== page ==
Exchange-traded funds (ETFs) get a strangely bad rap in the investment press. They’re either too risky or too boring, too opaque or too obvious.
Which should lead you to a simple enough conclusion: In most cases and for most investors, they are just right. That’s because a broadly diversified ETF simply reflects the market index it tracks.
You could go out and buy all 500 stocks in the S&P 500, but why? You could pay an active fund manager an exorbitant feet to replicate the stock market, but why?
Why indeed, if an ETF gives you the reliable exposure you want at a very low price. Nevertheless, when to use ETFs is a reasonable question, as is when to avoid them.
The simple answer is: Use ETFs to own an asset class, such as stocks, bonds, foreign equities, real estate or commodities.
If you know you want a piece of that market but you don’t know which stocks to buy, don’t try to figure it out. Just own the ETF and you own the whole market.
The thing is, study after study has shown that actively managed funds simply can’t keep up with their indexes. Trading tactics go in an out of fashion.
Sometimes managers make brilliant strategic moves and clean up relative the whole market. And sometimes they just blow up.
What follows next is the quiet closing of that fund, then the company that offered it just moves whatever is left of investors’ cash into a similar fund in the same family.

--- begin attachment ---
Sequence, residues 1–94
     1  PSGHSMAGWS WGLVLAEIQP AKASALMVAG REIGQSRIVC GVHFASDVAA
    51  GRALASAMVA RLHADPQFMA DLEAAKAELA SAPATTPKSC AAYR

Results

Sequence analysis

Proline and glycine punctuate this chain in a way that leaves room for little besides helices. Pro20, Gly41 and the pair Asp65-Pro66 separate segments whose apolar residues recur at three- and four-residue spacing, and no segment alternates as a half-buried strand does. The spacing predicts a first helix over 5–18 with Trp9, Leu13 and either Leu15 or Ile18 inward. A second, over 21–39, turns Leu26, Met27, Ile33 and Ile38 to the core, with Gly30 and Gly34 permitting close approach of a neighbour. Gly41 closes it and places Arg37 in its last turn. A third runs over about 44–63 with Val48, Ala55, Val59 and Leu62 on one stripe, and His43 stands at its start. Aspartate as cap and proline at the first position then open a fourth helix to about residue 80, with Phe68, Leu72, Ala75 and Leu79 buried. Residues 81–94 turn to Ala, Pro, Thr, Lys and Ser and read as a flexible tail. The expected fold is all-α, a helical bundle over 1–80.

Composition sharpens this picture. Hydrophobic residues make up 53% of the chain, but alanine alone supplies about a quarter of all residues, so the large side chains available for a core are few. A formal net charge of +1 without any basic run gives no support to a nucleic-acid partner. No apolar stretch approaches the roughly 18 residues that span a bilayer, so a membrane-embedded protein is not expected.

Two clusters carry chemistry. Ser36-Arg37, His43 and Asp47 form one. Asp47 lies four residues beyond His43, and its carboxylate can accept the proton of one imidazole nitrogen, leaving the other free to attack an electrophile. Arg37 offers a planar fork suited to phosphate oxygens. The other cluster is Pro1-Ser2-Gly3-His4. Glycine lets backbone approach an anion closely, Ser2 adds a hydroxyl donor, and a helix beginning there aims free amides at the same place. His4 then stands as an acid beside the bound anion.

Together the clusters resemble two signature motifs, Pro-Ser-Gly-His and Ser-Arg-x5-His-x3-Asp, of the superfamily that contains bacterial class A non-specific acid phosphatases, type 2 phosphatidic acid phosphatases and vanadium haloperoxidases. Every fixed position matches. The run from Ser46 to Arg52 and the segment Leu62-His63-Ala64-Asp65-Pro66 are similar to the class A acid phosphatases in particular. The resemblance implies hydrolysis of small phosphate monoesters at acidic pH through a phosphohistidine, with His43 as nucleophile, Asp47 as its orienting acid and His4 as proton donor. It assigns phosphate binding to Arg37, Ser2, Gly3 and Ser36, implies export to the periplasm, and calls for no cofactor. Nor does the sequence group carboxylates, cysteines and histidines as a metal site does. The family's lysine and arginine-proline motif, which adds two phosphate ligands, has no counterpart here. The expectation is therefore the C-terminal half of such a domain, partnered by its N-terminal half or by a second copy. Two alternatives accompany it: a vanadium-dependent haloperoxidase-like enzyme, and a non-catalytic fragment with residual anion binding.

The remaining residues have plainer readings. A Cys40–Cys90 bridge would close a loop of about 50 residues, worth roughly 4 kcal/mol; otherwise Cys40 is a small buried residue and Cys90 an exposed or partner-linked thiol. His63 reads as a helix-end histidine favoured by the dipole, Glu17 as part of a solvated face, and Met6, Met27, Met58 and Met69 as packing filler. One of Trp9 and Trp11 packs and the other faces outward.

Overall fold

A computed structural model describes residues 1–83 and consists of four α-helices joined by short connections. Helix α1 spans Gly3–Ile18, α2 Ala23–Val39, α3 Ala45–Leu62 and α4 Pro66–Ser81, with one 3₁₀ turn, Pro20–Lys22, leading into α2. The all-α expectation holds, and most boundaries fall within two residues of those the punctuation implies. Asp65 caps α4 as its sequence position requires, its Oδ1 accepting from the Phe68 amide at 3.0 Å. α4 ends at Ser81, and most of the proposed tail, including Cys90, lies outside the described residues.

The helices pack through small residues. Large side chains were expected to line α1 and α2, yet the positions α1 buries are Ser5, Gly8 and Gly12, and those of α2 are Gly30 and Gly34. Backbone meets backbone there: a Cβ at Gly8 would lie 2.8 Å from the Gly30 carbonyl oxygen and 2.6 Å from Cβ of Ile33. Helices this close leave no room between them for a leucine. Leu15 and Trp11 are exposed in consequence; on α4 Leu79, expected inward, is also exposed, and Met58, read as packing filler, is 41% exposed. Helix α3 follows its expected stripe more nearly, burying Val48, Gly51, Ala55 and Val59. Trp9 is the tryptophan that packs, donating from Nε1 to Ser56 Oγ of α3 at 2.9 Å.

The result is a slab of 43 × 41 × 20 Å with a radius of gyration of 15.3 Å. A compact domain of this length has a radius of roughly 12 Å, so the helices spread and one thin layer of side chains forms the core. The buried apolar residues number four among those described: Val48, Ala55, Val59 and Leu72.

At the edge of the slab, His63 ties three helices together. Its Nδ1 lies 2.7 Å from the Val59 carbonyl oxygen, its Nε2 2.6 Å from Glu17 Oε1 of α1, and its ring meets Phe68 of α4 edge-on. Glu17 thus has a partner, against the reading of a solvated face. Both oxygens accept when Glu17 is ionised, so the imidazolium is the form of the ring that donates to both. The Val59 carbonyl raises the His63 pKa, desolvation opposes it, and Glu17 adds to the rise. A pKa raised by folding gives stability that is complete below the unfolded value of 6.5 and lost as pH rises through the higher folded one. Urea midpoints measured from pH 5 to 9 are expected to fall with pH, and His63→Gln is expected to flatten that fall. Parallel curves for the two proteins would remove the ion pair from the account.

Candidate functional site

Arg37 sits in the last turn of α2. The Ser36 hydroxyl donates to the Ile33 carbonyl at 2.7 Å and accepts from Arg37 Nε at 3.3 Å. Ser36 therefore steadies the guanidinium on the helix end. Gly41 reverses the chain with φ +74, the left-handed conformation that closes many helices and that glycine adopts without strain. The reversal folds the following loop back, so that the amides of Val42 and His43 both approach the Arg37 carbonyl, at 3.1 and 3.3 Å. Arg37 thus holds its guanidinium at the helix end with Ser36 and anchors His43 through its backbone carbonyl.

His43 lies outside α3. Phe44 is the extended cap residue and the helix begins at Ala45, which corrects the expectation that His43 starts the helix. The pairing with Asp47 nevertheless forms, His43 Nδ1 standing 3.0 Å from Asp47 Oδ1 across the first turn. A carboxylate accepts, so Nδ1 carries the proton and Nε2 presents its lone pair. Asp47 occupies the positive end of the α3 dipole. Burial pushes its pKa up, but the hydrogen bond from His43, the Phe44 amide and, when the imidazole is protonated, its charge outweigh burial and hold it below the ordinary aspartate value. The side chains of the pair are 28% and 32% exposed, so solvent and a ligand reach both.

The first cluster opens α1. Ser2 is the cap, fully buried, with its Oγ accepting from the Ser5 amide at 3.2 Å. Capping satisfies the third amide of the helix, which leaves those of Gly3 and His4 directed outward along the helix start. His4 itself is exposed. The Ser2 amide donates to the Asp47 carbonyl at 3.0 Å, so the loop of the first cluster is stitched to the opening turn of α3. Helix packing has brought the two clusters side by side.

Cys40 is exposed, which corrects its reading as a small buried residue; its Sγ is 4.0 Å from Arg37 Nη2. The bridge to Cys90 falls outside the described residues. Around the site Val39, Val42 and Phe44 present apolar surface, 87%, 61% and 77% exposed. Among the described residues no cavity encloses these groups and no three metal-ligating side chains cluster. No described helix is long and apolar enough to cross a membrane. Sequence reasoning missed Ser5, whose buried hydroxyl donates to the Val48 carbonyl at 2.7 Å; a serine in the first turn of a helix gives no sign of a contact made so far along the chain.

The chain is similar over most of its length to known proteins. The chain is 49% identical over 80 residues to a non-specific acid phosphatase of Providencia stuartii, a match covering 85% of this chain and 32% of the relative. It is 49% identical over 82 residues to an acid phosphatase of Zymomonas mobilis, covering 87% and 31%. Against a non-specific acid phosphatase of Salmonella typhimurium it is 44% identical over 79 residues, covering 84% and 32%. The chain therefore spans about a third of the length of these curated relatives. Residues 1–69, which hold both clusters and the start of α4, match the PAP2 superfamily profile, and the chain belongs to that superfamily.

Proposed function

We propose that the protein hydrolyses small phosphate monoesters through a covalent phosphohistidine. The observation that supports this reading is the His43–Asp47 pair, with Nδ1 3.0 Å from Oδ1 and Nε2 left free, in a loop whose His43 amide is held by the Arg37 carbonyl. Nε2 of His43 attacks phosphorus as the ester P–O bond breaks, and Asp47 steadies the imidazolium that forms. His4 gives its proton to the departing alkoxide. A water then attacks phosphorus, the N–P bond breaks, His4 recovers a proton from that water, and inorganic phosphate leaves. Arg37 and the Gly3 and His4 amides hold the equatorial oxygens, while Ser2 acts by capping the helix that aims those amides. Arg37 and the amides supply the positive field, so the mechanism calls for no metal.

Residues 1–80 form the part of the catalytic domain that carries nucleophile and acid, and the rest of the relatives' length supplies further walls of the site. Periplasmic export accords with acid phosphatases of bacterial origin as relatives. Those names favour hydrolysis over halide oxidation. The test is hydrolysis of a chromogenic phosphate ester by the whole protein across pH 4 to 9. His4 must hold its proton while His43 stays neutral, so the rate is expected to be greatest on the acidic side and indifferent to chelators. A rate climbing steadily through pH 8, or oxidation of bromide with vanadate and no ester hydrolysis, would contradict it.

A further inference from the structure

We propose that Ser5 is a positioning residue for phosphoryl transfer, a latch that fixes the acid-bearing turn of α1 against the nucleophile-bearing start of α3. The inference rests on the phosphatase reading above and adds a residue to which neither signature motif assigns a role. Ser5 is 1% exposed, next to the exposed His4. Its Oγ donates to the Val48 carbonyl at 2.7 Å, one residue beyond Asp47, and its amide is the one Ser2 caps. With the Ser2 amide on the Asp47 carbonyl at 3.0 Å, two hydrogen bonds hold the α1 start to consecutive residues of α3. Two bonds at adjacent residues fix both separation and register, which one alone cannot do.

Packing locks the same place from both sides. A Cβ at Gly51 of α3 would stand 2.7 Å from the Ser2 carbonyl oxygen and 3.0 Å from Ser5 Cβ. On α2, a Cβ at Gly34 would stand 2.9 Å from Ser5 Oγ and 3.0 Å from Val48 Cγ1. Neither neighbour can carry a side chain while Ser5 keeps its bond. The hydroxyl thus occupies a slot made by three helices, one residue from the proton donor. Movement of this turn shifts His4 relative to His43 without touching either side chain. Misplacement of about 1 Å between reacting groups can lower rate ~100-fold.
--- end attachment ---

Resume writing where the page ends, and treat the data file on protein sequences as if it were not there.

Both the out-sized win and the horrific mistake should seen for what they are — random chance. The manager who “guesses right” on the movement of the market is still guessing.
Funny thing is, he gets paid right or wrong. If actively managed funds had to survive on a percentage of their performance above the benchmark, most would go out of business in no time.
Eventually, even the “winners” would slip up, and all that would be left would be the indexes. That’s why so many billions of retirement dollars are moving steadily toward passive investment portfolios, often using ETFs.
When should you avoid ETFs? When an ETF doesn’t do the one simple thing they do well, which is track a major index at a low cost.
You can find ETFs out there that do — or at least claim to do — just about anything. Double the inverse of the price of oil. Twice the performance of the dollar against foreign currencies. Frontier-stock ETFs that track nascent economies such as Mongolia.
In short, if you wouldn’t put your money into given investment as a single stock, the ETF version of that idea is not “more safe” by virtue of being an ETF. Some of these ideas might work out, but most will collapse under their own weight.
When to use ETFs is when you understand the investment and its history very well, you know the track record of the company offering the fund, and you have money to invest for long periods of time — then and only then, an ETF is a great retirement tool.